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When Senate Republican Leader Mitch McConnell came to Beattyville, Ky., on April 18, Beattyville Enterprise Editor Edmund Shelby asked him what he would do to bring jobs to Lee County, which has an unemployment rate of 14.3 percent and a median household income of $22,789.
McConnell replied, “Economic development is a Frankfort issue. That is not my job. It is the primary responsibility of the state Commerce Cabinet,” the old name of the Cabinet for Economic Development. Asked about public-works projects, McConnell said he was interested in them, but most come from state government. Then he said he is "pushing back" against President Obama's coal policies.
Shelby put the story at the top of his front page, and it took off, becoming the topic of stories on The Associated Press and The Huffington Post. McConnell issued a statement saying, "It seems my message got lost in translation," but Shelby told AP, "He said, that and I swear those were his words. If Grimes would come to town, I would ask the same question."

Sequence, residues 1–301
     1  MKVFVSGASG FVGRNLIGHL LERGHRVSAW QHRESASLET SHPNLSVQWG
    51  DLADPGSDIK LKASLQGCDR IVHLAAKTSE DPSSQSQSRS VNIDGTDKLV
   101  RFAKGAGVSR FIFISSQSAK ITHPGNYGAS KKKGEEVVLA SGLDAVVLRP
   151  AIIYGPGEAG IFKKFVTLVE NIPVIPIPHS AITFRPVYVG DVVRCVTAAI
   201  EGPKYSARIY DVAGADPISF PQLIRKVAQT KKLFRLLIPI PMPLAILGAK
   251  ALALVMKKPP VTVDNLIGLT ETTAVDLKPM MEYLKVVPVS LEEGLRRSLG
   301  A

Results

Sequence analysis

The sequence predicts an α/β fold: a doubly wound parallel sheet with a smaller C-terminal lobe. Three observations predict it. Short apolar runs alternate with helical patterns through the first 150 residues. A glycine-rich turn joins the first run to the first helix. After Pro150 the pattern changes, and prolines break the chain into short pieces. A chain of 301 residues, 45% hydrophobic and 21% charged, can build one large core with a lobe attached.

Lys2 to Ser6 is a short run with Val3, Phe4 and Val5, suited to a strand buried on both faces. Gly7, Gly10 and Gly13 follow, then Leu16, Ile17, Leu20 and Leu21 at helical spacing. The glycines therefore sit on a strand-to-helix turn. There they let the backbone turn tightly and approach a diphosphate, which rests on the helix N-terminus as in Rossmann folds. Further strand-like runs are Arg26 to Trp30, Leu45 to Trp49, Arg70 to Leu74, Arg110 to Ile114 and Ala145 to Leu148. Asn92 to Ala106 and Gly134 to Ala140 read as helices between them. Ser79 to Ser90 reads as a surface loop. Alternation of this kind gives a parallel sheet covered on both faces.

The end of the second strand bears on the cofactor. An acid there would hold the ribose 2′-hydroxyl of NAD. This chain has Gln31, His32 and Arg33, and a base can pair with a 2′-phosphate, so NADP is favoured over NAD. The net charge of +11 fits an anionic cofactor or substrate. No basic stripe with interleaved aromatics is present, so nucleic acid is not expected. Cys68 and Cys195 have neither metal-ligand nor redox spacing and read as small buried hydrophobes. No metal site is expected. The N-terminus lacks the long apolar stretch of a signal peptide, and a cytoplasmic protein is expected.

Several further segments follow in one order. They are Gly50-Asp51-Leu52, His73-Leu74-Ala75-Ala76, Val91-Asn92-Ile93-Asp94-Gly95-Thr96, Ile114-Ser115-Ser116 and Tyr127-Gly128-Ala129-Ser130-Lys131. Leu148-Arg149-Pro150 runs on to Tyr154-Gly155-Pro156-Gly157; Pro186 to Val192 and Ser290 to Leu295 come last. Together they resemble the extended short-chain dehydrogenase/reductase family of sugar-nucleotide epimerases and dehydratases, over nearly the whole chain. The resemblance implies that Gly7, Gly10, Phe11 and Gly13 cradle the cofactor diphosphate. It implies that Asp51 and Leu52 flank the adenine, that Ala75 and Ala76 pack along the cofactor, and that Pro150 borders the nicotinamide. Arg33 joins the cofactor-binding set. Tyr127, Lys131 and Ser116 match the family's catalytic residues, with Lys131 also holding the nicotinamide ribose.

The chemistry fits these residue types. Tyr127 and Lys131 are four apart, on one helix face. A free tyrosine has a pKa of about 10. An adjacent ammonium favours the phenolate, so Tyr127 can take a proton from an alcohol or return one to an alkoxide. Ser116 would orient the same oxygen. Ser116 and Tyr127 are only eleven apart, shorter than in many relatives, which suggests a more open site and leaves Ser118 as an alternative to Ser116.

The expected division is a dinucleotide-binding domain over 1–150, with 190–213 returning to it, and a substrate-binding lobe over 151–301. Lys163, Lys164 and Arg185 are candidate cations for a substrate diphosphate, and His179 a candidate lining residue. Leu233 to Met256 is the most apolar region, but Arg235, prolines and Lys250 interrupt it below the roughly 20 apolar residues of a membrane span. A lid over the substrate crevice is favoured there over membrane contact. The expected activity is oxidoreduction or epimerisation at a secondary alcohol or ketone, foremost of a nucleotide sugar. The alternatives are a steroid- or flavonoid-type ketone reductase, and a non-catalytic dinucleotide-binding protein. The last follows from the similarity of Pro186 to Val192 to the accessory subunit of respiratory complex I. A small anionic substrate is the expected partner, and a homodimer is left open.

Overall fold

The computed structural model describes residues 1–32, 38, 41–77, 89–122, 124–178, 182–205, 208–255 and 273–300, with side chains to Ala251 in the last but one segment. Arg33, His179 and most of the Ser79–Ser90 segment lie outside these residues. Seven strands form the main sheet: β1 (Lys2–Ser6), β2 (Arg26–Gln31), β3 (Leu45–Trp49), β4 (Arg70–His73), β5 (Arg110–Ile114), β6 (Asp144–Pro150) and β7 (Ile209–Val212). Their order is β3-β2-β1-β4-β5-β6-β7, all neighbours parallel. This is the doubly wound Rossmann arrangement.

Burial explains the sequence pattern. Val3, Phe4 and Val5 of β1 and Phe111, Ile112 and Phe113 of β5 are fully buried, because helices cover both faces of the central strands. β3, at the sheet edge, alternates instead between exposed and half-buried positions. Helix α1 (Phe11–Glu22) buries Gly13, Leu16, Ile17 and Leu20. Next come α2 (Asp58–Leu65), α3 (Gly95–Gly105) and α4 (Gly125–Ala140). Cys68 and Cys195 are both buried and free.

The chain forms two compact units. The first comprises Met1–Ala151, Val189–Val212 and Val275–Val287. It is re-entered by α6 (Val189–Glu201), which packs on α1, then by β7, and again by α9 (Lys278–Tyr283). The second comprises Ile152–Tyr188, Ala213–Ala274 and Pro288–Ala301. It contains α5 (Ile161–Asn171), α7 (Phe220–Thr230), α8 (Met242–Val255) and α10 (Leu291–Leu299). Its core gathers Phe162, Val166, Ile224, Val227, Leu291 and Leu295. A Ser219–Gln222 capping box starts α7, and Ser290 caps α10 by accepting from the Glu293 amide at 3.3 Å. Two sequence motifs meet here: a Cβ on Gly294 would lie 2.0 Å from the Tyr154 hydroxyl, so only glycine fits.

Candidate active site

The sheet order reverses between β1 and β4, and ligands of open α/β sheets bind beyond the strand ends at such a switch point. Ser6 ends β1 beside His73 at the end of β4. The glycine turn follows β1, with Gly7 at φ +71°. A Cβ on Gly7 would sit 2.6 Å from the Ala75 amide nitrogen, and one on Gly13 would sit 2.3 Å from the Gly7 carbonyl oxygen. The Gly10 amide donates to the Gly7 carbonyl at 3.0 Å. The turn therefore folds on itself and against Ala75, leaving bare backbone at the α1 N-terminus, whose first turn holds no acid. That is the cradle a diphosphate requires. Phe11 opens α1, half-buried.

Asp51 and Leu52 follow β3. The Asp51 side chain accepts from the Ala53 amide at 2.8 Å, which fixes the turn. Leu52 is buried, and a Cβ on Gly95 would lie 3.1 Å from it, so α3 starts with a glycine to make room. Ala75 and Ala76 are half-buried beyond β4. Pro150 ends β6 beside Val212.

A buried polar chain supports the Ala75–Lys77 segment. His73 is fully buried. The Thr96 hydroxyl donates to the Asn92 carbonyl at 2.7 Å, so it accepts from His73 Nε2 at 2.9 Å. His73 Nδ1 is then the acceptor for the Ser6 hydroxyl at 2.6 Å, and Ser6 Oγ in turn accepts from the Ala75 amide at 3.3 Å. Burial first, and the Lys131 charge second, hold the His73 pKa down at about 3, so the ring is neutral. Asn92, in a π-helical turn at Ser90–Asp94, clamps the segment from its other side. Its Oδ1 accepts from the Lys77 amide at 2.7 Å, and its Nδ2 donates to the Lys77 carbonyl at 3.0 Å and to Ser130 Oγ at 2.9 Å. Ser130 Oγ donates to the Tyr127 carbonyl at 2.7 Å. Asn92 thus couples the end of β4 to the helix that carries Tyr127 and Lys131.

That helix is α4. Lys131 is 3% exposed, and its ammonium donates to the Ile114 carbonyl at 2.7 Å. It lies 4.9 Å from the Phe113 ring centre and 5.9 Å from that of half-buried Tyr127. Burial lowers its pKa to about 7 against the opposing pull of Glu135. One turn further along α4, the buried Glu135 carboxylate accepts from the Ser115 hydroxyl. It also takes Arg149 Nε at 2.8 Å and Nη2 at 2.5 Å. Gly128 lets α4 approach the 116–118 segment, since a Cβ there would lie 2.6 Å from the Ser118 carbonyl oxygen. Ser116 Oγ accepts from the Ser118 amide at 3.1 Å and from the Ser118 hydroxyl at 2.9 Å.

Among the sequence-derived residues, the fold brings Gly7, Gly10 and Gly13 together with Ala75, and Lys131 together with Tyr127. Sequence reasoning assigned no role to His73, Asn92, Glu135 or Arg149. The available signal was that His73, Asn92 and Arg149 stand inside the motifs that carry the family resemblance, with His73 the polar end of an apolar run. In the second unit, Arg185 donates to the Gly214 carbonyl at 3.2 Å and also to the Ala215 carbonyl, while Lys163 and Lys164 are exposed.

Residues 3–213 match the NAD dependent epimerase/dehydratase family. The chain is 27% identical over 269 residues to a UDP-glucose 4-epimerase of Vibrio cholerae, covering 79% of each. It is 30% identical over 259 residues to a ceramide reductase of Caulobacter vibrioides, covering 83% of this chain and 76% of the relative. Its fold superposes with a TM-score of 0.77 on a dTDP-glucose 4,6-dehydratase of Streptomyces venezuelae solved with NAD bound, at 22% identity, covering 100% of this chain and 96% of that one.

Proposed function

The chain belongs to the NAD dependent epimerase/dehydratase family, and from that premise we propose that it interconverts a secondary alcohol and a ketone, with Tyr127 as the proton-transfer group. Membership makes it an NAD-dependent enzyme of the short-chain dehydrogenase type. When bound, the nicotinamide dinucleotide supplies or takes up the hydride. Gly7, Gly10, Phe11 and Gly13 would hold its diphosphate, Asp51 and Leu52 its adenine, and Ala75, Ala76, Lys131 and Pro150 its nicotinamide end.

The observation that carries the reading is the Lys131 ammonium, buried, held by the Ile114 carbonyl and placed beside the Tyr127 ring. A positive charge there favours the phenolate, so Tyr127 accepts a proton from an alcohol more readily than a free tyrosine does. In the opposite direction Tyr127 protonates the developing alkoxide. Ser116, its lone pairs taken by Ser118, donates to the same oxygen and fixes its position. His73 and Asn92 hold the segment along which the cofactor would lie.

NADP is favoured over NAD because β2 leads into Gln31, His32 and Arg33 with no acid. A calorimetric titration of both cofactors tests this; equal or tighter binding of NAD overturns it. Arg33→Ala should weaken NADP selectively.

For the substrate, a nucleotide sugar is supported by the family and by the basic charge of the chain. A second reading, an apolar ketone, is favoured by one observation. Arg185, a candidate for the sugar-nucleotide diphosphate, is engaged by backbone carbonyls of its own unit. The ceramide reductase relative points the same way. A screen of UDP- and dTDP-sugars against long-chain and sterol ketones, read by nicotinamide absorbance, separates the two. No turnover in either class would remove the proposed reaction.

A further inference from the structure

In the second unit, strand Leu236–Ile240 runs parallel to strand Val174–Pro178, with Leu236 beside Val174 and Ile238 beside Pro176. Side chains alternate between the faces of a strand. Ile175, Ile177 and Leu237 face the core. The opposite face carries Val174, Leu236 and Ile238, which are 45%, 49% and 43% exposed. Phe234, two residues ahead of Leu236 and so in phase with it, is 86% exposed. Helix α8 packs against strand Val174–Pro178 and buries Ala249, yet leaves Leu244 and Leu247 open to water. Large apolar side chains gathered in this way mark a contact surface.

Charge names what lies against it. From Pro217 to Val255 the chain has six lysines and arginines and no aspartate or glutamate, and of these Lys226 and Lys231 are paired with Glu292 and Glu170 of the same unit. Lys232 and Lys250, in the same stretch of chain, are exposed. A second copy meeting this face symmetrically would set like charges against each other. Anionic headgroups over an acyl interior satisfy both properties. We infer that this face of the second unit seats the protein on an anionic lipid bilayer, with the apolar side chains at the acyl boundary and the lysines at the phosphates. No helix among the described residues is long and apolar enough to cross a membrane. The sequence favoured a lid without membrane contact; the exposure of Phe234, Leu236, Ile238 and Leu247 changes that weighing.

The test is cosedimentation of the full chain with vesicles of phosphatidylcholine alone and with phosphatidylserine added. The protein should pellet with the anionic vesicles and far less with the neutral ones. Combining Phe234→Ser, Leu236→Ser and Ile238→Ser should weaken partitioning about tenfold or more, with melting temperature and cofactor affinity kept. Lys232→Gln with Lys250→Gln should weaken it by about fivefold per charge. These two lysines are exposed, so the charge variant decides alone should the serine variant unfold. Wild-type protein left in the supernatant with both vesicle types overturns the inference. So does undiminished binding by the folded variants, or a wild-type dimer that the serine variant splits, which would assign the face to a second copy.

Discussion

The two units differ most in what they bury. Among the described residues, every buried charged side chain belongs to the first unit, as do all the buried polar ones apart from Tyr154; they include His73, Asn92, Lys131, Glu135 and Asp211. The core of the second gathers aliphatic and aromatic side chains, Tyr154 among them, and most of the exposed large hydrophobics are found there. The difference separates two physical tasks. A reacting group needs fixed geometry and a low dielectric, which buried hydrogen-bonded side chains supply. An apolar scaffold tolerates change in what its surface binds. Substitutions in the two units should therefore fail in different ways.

Alison Lundergan Grimes, Kentucky's secretary of state, is McConnell's all-but-certain Democratic foe in the November election. She has been stressing jobs in her campaign, and when she heard of McConnell's remarks, she pounced: "The only job that he has cared about over the past 30 years is his own. . . . It is the job of a U.S. senator to put hardworking Kentucky families back to work and to grow our middle class. He shocked not just myself but all of Kentucky when he declared that economic development is not his job."
Shelby told The Rural Blog that he didn't have a recording of McConnell's comments because he wasn't planning a full-scale interview. "It was one of those quickies. It was a real hectic day for me," he said. "I wanted to get a picture, two questions and go. . . . He just blew it."
Regardless of the politicians' rhetoric, this episode shows why every newspaper needs to be ready with pertinent questions when candidates come to town. Edmund Shelby knows and practices that; he is a veteran editor and former president of the Kentucky Press Association.
UPDATE, April 28: Executive Editor Steve Wilson of The Paducah Sun, a newspaper long friendly to McConnell, defended Shelby in a column headlined, "Mitch ought to own up to slip over jobs quote in newspaper." (Read more; subscription required)